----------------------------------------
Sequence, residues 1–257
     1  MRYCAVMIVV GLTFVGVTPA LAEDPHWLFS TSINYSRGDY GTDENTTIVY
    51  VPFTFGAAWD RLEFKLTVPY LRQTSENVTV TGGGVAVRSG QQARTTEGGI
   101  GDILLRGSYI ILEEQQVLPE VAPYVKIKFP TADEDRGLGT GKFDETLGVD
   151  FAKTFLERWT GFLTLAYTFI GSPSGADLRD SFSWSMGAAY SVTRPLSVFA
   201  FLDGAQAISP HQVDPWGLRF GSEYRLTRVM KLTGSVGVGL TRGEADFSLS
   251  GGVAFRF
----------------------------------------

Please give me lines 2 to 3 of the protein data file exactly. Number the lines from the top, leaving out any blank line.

     1  MRYCAVMIVV GLTFVGVTPA LAEDPHWLFS TSINYSRGDY GTDENTTIVY
    51  VPFTFGAAWD RLEFKLTVPY LRQTSENVTV TGGGVAVRSG QQARTTEGGI